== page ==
Traditional Christian Weddings

All weddings are about two people joining in matrimony, but practices vary according to where you live in the world, and what you believe in.

Traditional Christian weddings are when a couple commit to each other in the eyes of God, in front of their family and friends. Traditional ceremonies take place in a church, and the marriage ceremony is performed by a priest or minister.

For those not familiar with the traditional Christian wedding, this is how this special day is observed:-

  • According to tradition, spring and summer are the best seasons for marriage, because they represent new life and fertility, but the wedding date can be any day of the year. A little sprinkling of rain is also considered a good omen for fertility
  • The bride traditionally wears a white dress, a veil and a long train. The custom of wearing white was popularised in the Victorian era, due to Queen Victoria in her choice of the colour white becoming a symbol of virginal purity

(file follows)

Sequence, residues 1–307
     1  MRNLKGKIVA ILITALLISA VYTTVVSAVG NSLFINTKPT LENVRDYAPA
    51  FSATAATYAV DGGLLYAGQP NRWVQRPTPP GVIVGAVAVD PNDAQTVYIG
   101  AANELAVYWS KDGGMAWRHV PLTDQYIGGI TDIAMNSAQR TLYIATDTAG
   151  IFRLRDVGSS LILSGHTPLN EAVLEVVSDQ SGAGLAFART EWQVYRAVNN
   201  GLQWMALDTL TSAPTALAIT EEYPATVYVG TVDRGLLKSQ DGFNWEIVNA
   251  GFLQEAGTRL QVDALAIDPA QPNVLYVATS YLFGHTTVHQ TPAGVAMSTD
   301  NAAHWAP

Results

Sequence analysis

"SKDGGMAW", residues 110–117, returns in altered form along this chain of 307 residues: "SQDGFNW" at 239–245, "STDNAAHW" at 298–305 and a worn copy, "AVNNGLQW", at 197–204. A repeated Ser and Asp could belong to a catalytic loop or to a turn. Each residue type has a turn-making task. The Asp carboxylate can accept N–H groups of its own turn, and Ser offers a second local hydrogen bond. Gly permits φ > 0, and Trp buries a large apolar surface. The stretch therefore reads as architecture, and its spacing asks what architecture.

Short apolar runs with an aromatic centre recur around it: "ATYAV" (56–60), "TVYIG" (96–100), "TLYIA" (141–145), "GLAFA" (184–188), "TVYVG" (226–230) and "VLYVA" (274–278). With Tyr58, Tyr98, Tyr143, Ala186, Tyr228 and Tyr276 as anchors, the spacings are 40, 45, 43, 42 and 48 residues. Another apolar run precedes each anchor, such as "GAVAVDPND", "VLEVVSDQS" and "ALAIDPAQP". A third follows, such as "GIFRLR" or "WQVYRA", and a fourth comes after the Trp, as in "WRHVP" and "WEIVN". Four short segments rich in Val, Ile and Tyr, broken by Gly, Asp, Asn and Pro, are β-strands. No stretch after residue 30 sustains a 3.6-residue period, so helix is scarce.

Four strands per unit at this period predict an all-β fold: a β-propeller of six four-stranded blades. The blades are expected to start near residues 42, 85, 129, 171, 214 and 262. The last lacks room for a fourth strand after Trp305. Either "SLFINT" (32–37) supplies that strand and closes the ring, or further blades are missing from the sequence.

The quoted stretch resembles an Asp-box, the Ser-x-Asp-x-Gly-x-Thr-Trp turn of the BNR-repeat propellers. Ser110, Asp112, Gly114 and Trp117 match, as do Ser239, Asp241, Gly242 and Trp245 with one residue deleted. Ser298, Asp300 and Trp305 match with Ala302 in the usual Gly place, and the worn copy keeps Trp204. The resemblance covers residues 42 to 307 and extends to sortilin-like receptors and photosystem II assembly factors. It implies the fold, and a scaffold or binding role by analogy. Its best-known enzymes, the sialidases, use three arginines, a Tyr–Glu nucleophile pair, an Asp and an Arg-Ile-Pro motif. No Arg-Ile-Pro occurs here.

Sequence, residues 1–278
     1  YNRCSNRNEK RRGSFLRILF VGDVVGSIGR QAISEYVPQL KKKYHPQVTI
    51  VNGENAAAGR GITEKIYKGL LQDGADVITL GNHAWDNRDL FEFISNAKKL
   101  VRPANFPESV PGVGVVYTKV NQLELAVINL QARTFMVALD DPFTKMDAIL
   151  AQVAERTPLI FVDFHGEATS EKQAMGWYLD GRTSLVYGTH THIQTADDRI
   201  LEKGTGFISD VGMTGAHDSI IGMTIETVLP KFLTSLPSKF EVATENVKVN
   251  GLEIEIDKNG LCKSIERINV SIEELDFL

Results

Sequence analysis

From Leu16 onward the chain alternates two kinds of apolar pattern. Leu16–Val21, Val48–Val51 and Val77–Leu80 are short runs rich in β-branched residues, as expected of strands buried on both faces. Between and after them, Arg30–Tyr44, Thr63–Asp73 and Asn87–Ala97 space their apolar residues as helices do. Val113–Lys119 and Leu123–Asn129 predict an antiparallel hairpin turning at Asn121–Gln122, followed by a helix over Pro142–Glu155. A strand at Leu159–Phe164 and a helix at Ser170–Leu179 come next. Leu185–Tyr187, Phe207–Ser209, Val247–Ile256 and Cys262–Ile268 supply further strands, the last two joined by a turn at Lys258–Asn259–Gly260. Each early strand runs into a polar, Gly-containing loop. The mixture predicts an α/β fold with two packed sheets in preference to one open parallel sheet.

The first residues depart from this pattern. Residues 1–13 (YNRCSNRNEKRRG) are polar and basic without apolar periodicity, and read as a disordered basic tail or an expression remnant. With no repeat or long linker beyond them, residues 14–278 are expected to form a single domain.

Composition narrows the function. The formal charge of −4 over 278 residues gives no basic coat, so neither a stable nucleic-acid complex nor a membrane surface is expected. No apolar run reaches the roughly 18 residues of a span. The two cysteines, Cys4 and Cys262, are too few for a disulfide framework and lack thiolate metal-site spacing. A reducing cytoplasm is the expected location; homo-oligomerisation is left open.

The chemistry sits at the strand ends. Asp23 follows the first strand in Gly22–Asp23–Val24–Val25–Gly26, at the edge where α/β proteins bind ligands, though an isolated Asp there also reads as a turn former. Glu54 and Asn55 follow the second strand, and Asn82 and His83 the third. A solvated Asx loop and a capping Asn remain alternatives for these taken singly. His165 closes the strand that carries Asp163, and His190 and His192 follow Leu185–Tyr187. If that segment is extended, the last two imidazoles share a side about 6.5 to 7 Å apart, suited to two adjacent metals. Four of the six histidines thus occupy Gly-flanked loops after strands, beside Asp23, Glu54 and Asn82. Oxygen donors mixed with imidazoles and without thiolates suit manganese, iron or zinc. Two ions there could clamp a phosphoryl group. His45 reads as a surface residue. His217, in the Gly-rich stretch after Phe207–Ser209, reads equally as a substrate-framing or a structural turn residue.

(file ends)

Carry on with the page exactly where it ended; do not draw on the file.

• The wedding ceremony begins when the bride enters the church, usually on the arm of her father, to be led up the aisle. On reaching her waiting groom, her father agrees to give her away to the new man in her life
  • The couple exchange vows and the exchange of wedding rings is blessed by the minister, and followed by the declaration of marriage. The rings are symbolic of the never ending nature of love
  • The couple are considered officially married once they sign the register. Photos are taken of the bride, groom and wedding party, which usually consists of a best man, matron of honour, bridesmaids and their partners; and sometimes flower girls and page boys
  • Once the wedding ceremony is over, celebrations follow with family and friends at the wedding reception. Usually this involves a meal, and drinks to toast the newly married couple
  • Speeches are made, toasting the newly married couple and other members of the bridal party; and the wedding cake, traditionally a tiered fruit cake, is cut by the bride and groom. The newly married couple save one of the tiers to eat on their first wedding anniversary
  • Dancing follows with the bride and groom taking to the dance floor first, to enjoy their first dance as a married couple. The evening concludes with the bride and groom leaving first, to depart for their honeymoon

These days, more and more couples are opting for ‘weddings with a difference’, and a popular venue for the ceremony is a nature setting such as a garden or at a beach. A marriage celebrant replaces the priest or minister to officiate the service.

© Copyright Jan Reid-Lennox. All Rights Reserved.